Plus, the city and a local college are considering a joint venture for a new East Library branch
CLEARWATER — Construction is set to begin in August on a new Countryside Library branch that will include a multipurpose room where patrons will be able to produce their own videos.
And preliminary talks are under way about operating the East Library as part of a joint venture between the city and the Clearwater campus of St. Petersburg College.
A $6.25 million, 22,500-square-foot Countryside Library will be constructed adjacent to the Countryside Recreation Center, 2640 Sabal Springs Drive, close to the current 16,000-square-foot branch at 5741 State Road 580.
The new repository, scheduled to open in September 2015, will be funded with the third round of Penny for Pinellas one-cent sales tax proceeds. Design plans include a “content creation space” equipped with a video camera, computer software for video production and a “green screen” wall for designing various backdrops.
“Many people are now into designing their own social media and music videos. A creation content space will allow people to produce their own YouTube and other videos,” said Barbara Pickell, director of the Clearwater Public Library System.
The space also will provide equipment for video conferencing and other uses. The specially designed multipurpose area is just one of the modern amenities planned for the city's most eastern library branch that just recently celebrated its quarter-century.
“Expansion into a new facility, rather than renovating the current library, was decided because the Countryside branch sees some of the heaviest use and most patrons in the library system,” the director said.
Depending on the season, from 7,000 to 10,000 patrons visit the Countryside branch each month. Locating the new building on recreation center property will allow the library and its multipurpose room to be used by recreation center patrons.
The library branch also will include a children's room complete with a storytelling area. A youth room will feature a separate computer bank for youngsters to do homework or collaborate on projects. Plus, the more spacious library will have many new computers for general use, because Internet access is one of the services most in demand by patrons, the director explained.
“With the downturn of the economy, many people do not have their own Internet access and rely on the library for computer access to apply for jobs or find information on government websites,” she said.
The Countryside branch serves many young families, and about one-third of its catalog is comprised of DVDs, videos, talking books and other materials, Pickell said. Bookshelves and materials are among the costliest items in the budget, she added.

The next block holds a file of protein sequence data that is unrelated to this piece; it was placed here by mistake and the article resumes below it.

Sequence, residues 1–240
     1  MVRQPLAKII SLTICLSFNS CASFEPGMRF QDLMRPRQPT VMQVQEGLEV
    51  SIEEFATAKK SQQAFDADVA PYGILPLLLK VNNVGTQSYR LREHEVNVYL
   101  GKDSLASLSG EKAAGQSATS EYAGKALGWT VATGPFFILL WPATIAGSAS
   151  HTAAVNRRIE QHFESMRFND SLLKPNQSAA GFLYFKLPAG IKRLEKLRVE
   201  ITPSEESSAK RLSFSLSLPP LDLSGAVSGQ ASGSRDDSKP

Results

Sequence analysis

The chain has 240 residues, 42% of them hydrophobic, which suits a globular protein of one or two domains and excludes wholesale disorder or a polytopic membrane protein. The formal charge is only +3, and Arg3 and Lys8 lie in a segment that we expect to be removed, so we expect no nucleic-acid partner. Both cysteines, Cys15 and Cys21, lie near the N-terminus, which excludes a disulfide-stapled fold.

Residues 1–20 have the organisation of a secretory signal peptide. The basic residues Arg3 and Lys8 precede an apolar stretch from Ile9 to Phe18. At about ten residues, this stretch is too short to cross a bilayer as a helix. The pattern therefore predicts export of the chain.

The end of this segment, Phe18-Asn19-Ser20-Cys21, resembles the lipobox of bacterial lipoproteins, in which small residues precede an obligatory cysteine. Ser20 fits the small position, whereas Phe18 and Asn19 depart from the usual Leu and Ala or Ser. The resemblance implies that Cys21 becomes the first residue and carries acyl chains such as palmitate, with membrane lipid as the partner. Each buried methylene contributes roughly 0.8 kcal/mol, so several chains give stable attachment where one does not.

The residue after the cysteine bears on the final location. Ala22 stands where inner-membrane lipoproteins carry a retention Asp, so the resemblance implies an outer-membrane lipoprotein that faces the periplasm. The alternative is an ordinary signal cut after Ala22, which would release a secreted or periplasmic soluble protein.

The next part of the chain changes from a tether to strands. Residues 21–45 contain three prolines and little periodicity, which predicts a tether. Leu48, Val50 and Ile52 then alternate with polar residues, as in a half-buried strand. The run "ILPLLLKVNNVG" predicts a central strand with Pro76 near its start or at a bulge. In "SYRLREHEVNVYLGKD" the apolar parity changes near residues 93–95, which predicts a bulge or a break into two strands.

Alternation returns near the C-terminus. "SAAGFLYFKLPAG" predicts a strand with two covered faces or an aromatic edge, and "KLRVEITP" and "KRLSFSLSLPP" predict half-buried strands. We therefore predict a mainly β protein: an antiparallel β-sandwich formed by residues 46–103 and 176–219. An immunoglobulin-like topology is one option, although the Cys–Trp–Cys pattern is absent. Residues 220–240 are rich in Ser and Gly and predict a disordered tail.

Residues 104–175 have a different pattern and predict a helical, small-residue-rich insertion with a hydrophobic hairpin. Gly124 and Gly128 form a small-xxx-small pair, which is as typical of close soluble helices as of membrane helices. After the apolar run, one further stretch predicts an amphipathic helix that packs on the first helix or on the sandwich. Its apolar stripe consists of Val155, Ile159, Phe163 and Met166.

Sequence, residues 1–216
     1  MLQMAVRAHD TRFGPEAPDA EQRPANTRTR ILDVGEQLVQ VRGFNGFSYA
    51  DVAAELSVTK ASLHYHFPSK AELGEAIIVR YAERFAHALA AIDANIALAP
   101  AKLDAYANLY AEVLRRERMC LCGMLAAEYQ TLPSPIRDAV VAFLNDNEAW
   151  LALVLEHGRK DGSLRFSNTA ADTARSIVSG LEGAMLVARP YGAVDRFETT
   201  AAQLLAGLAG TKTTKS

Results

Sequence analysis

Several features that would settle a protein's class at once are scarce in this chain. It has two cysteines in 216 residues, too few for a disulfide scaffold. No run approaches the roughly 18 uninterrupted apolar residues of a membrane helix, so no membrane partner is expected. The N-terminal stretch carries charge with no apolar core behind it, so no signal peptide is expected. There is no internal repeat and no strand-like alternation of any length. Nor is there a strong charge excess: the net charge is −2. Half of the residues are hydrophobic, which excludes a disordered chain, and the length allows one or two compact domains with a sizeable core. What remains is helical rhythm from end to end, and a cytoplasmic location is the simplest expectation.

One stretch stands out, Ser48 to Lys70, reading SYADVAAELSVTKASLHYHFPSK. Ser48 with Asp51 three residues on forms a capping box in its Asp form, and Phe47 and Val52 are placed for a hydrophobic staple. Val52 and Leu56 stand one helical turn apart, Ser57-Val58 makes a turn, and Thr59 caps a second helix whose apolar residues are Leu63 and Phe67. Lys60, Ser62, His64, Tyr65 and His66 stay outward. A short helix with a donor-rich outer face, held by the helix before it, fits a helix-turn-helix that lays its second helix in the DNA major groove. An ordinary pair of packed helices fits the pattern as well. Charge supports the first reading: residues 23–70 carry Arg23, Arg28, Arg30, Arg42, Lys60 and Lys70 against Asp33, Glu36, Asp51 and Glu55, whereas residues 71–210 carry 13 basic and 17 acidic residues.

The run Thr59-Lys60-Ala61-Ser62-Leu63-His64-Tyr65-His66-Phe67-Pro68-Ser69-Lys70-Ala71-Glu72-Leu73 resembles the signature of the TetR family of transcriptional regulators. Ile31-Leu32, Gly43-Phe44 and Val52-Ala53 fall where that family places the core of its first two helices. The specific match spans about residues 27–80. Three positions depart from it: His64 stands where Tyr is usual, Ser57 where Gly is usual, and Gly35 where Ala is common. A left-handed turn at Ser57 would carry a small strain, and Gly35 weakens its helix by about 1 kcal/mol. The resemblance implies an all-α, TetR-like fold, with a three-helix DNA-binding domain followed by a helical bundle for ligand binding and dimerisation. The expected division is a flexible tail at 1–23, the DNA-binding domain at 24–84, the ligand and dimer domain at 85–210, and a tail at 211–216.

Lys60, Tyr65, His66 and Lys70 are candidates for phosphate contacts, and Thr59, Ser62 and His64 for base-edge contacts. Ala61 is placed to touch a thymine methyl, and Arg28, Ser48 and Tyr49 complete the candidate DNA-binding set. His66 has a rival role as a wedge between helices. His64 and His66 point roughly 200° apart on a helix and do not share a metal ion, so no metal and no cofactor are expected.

While the Countryside branch won't include a coffee shop like the one at the Main Library, 100 N. Osceola Ave., it will feature a meeting area with vending machines where people can relax, she said. There is a hope that in the future, funding will become available for an outdoor seating area.
Once the new Countryside branch is completed, a project is in the works to relocate the city's East Library branch at 2251 Drew St. closer to the nearby SPC campus at 2465 Drew St.
Plans currently under discussion involve moving the East branch into a building funded as a joint venture with the college's Clearwater campus.
Pickell said “preliminary formal discussions” are taking place to operate a library in conjunction with the college, much like what's currently being done at SPC's Seminole campus.
While design work, planning, more discussion and formal approval by the Clearwater City Council and SPC officials still will have to take place, a new East Library branch could open by spring 2017, she said.
Up to $6.25 million, as part of the city's share of construction costs, could be funded by the third round of Penny for Pinellas.
Pickell said she was happy to hear Property Appraiser Pam Dubov's prediction that property values might rise this year from 3 to 5 percent, which could signal the start of an economic turnaround and bring more funds into the city budget. If the library system were to receive additional funding, its first priority would be to increase its hours and have many of its branches open seven days a week. Some branches now are closed one day a week or have shortened hours because of budget cuts.
“Increasing service would be our main priority,” she said.